Comparative analyses of primate dietary patterns indicate that the high costs of large human brains are supported, in part, by diets that are rich in energy and fat. Relative to other large-bodied apes, modern humans derive a much larger share of their dietary energy from fat. Among living primates, the relative proportion of metabolic energy allocated to the brain is positively correlated with dietary quality. Humans fall at the positive end of this relationship, having both a very high-quality diet and a large brain.
In many respects, the human gut is more similar to that of a carnivore and reflects an adaptation to an easily digestible diet that is higher in energy and fat.
In addition, recent work in human evolutionary genetics suggests that the selection for key “meat-adaptive” genes were critical for allowing our hominid ancestors to more effectively exploit diets with higher levels of animal fat. Finch and Stanford (2004) argued that the evolution of the unique E3 allele in Homo at the apolipoprotein E (apoE) locus was important for allowing our ancestors to exploit diets with greater animal material. ApoE plays a critical role in regulating the uptake of cholesterol and lipids throughout the body (Davignon et al., 1988). The E3 allele is evident in humans, but not in chimpanzees and gorilla, and is associated with reduced metabolic and cardiovascular risks with the consumption of higher fat diets (Finch and Stanford, 2004).
When we look at the human fossil record, we find that the first major burst of evolutionary change in hominid brain size occurred at about 2.0–1.7 million years ago (mya), associated with the emergence and evolution of early members of the genus Homo (see Table 1.2). Prior to this, our earlier hominid ancestors, the australopithecines, showed only modest brain size evolution from an average of 400–510cm3 over a span of 2 million years from 4 to 2 mya. With the evolution of the genus Homo there is rapid change, with brain sizes of, on average, ~600 cm3 in Homo habilis (at 2.4–1.6 mya) and 800–900 cm3 in early members of Homo erectus (at 1.8–1.5 mya). Furthermore, while the relative brain size of H. erectus has not yet reached the size of modern humans, it is outside of the range seen among other living primate species.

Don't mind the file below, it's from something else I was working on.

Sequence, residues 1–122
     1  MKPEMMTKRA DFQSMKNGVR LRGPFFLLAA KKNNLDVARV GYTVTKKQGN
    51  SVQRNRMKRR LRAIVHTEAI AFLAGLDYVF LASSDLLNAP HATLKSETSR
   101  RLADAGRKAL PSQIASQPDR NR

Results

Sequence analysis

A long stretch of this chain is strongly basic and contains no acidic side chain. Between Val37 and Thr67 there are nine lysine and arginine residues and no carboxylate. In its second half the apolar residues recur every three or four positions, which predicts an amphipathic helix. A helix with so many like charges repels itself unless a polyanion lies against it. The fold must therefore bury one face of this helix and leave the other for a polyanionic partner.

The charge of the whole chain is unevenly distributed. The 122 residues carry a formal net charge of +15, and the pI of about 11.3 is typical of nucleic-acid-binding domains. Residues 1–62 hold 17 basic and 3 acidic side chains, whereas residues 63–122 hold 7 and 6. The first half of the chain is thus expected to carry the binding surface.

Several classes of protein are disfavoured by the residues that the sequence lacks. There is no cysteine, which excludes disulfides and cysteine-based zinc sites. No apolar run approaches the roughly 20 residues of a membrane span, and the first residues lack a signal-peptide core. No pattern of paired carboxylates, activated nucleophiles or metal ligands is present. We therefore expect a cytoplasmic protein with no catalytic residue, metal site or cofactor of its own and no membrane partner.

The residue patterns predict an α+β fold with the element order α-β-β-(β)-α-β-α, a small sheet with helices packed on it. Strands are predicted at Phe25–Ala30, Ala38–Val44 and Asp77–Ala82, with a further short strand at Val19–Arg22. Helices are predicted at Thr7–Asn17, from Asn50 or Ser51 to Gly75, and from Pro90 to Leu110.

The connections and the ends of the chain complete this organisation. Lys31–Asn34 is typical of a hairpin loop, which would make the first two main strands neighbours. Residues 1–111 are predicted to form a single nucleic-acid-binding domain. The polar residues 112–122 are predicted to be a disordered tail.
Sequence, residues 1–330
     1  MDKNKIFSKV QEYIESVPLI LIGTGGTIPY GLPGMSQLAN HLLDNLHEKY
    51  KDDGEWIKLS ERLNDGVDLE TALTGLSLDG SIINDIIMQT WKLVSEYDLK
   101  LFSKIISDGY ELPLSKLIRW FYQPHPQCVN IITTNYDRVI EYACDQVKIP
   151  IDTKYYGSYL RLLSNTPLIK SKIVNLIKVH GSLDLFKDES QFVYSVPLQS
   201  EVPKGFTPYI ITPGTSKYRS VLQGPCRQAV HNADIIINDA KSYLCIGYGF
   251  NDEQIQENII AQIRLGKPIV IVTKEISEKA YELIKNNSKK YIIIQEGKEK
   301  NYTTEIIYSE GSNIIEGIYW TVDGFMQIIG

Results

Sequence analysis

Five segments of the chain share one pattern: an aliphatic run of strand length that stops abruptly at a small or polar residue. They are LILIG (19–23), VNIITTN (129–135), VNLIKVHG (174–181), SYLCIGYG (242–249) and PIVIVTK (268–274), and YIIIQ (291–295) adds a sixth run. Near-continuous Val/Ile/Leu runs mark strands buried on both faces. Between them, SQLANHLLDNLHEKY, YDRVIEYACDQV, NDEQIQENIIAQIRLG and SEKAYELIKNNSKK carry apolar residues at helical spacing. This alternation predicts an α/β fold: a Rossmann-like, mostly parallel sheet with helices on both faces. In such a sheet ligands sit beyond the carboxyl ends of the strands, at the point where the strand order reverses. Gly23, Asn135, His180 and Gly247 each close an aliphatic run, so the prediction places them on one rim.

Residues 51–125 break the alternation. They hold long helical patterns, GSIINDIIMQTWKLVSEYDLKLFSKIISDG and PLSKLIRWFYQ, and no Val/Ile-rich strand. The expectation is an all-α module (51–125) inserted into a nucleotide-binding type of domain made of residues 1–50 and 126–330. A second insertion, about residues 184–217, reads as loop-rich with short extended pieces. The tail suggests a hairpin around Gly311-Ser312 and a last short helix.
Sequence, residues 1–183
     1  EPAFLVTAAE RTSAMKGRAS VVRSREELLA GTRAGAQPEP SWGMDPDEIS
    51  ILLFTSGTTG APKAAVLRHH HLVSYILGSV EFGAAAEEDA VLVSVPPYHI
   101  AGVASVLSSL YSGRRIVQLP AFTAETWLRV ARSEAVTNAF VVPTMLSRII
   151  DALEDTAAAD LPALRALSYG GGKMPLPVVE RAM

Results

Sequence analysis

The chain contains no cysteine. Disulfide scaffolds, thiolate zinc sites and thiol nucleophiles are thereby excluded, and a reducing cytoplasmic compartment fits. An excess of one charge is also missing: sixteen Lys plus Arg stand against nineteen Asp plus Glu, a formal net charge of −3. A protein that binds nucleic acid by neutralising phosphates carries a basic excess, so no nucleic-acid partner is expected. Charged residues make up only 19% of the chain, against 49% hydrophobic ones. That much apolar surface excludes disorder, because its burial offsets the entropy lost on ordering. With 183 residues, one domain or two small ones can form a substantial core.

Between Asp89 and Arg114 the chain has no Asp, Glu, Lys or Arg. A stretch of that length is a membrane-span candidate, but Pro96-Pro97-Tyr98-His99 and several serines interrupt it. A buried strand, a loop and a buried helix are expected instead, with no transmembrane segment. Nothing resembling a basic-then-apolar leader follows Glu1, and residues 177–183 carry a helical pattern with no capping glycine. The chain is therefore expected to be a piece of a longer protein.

The evolution of H. erectus in Africa is widely viewed as a “major adaptive shift” in human evolution (Wolpoff, 1999; Antón et al., 2002; Antón, 2003). Indeed, what is remarkable about the emergence of H. erectus in East Africa at 1.8 mya is that we find (a) marked increases in both brain and body size, (b) the evolution of human-like body proportions, and (c) major reductions of posterior tooth size and craniofacial robusticity (McHenry, 1992, 1994a,b; Ruff et al., 1997; McHenry and Coffing, 2000). These trends clearly suggest major energetic and dietary shifts: (a) the large body sizes necessitating greater daily energy needs; (b) bigger brains suggesting the need for a higher quality diet; and (c) the craniofacial changes suggesting that they were consuming a different mix of foods than their australopithecine ancestors.
The ultimate driving factors responsible for the rapid evolution of brain size, body size, and craniodental anatomy at this stage of human evolution appear to have been major environmental changes that promoted shifts in diet and foraging behavior. The environment in East Africa at the Plio-Pleistocene boundary (2.0–1.8 mya) was becoming much drier, resulting in declines in forested areas and an expansion of open woodlands and grasslands (Vrba, 1995; Reed, 1997; Bobe and Behrensmeyer, 2002; deMenocal, 2004; Wynn, 2004). Such changes in the African landscape likely made animal foods an increasingly attractive resource for our hominid ancestors (Harris and Capaldo, 1993; Behrensmeyer et al., 1997; Plummer, 2004).
Associated with the evolution of our high-quality diet, humans developed distinct molecular pathways for detecting and metabolizing high-fat foods. We show preferences for foods that are rich in fat and energy. Key genetic mutations during later hominid evolution were critical to promoting the enhanced lipid metabolism necessary for subsisting on diets with greater levels of animal material. Moreover, accumulating evidence highlights the remarkable capacity of the human brain and sensory system for accurately assessing the energy content of potential food items. In sum, the ability to effectively detect, metabolize, and store fats likely provided tremendous selective advantages to our hominid ancestors, allowing them to expand into diverse ecosystems around the world. Further research is needed to better understand the nature of the dietary changes that took place with the emergence of early human ancestors and how they are associated with distinctive aspects of our own nutritional biology.